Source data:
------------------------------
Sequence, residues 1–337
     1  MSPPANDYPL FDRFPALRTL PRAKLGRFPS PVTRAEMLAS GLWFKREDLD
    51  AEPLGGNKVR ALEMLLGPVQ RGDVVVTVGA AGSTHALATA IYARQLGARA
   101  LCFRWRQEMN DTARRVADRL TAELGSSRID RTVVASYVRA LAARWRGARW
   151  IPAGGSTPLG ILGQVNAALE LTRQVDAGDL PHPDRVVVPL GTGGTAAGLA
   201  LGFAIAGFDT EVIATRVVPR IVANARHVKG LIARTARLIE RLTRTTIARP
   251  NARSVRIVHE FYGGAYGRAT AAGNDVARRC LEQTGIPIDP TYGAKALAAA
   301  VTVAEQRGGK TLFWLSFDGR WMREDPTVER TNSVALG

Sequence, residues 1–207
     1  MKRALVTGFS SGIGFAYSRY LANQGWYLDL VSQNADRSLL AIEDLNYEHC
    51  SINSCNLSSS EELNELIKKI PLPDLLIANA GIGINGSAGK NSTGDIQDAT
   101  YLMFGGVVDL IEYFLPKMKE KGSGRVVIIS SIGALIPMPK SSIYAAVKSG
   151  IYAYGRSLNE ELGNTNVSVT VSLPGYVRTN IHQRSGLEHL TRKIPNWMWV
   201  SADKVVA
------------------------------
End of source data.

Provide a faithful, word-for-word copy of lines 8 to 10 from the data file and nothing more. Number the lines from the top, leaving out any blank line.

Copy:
   301  VTVAEQRGGK TLFWLSFDGR WMREDPTVER TNSVALG

Sequence, residues 1–207
     1  MKRALVTGFS SGIGFAYSRY LANQGWYLDL VSQNADRSLL AIEDLNYEHC